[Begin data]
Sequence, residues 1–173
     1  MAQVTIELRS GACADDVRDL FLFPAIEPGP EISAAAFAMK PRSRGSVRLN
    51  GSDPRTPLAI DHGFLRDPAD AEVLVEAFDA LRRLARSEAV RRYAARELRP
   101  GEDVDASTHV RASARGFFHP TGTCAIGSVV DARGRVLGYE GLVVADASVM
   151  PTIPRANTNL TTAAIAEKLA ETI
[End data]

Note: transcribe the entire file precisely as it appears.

Sequence, residues 1–173
     1  MAQVTIELRS GACADDVRDL FLFPAIEPGP EISAAAFAMK PRSRGSVRLN
    51  GSDPRTPLAI DHGFLRDPAD AEVLVEAFDA LRRLARSEAV RRYAARELRP
   101  GEDVDASTHV RASARGFFHP TGTCAIGSVV DARGRVLGYE GLVVADASVM
   151  PTIPRANTNL TTAAIAEKLA ETI